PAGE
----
Market update - July 2019

Global equity markets continued to rise in the month of July. After experiencing significant falls in May which were broadly offset by the market rise in June, the global equity markets were in the positive territory for three months and one year to July. The Australian equity market, including listed property, continued its streak of positive performance over each of the last three months, with the ASX price index pushing past pre-GFC highs late in July. For the three months and one year to July, the Australian equity market strongly outperformed its global peer.

On the monetary front, as the RBA governor Philip Lowe signaled in June, the RBA cut the cash rate by 25 basis points to 1.0% in July, the first back-to-back cuts since mid-2012. However, there was a softer tone to economic data released over the month with retail sales, private sector credit and employment all reporting weaker than expected and business confidence and consumer sentiment also falling despite the RBA rate cut.

Globally, a number of political and monetary event occurred later in the month with the UK confirming Boris Johnson as the new Prime Minster and the US Federal Reserve (Fed) announcing a change in policy rate on the last day of the month.

The cut by the Fed, the first in 11 years, was made on the back of mounting concerns about the global economy and trade disputes. The benchmark rate was cut by 0.25 of a percentage point to a range of 2.00% to 2.25%, leaving investors curious as to whether there would be follow-up reductions despite Fed chairman Jerome Powell insisting that the cut would not be a signal of the start of a ‘’lengthy cutting cycle’’.

Across the Atlantic, Boris Johnson won the Conservative party leadership contest with roughly two-thirds of the vote to succeed Theresa May, becoming the 77th Prime Minister of the UK. The British pound came under immediate pressure, reacting to Johnson’s Brexit stance and the potential for the UK to leave the European Union without a deal.

The investment returns of the major markets for one and three months, financial year, and one year to 31 July 2019 are summarised below.

Market Performance - 31 July 2019




Australian Equities




Overseas Equities (Hedged into AUD)




Overseas Equities (Unhedged into AUD)




Emerging Markets (Unhedged into AUD)




Australian Property (Unlisted)




Australian Property (Listed)




Global Listed Property (Hedged into AUD)




Australian Bonds




Overseas Bonds (Hedged into AUD)








Australian Dollar vs. US Dollar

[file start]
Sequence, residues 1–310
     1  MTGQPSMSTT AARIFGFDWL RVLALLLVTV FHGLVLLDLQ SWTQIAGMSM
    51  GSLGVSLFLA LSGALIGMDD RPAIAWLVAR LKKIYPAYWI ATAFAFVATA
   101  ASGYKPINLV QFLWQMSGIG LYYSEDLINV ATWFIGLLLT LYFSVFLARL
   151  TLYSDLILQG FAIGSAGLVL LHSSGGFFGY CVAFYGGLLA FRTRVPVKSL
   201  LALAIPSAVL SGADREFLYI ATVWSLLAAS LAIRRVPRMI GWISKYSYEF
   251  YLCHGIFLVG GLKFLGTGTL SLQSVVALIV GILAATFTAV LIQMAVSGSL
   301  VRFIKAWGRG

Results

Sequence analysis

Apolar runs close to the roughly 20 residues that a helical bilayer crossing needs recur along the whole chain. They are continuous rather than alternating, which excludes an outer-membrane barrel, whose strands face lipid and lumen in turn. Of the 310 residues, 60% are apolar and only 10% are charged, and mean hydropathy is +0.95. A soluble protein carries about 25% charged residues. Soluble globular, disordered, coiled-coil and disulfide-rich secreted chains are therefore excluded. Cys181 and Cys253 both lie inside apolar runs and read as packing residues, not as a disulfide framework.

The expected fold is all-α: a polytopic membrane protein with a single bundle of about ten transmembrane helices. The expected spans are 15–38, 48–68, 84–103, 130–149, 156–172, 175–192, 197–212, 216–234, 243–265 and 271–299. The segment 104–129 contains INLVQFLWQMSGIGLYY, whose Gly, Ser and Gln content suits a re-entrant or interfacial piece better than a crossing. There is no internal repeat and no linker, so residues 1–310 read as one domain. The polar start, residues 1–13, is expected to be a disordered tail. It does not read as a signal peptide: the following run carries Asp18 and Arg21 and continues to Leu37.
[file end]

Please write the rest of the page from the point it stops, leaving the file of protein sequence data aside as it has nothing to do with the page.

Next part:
Source – JANA, FactSet

Despite the US economy appearing to remain on a path of slowing growth, the S&P 500 Index returned 1.4%, driven by roughly three-quarters of companies that had reported earnings by the end of July exceeding analyst estimates. Tech stocks led developed market equities in the US and Europe, while the easing of US restrictions on Chinese telecom company Huawei also boosted sentiment across the Asian region. Energy and Materials were the poorest performers sector during the month.

The MSCI World ex-Australia Index (hedged into AUD) returned 1.2% for the month. Belgium was the standout for the month returning 8.5%, along with solid returns from New Zealand (5.8%), Netherlands (3.0%) and the UK (2.1%). Within emerging markets, Turkey (7.1%) and Hungary (3.4%) were the standouts, with some of the major markets, namely India (-5.6%), Mexico (-5.0%) and Korea (-3.9%), delivering poor performance.

Domestically, the S&P/ASX 300 Accumulation Index (3.0%) outperformed hedged overseas equities (1.2%) over the month. Mid and small cap stocks outperformed large cap stocks, led by the S&P/ASX MidCap 50 Accumulation Index returning 4.9% for the month. All equity sectors delivered positive returns for the month, led by Consumer Staples delivering a 9.6% return.  Australian Property Trusts (2.6%) outperformed Global Property Trusts (1.1%) for the month.

The Australian Dollar recorded mixed results against the major developed market currencies over the month, depreciating against the USD (-1.8%) and the Japanese Yen (-1.0%) and appreciating against the Euro (0.5%). The most significant move was against the Pound (2.1%), as markets reacted to the Boris Johnson appointment. In aggregate, the moves in the Australian dollar saw unhedged global equities (2.3%) outperform hedged global equities (1.2%).

Australian bonds and Overseas bonds delivered positive returns over the month.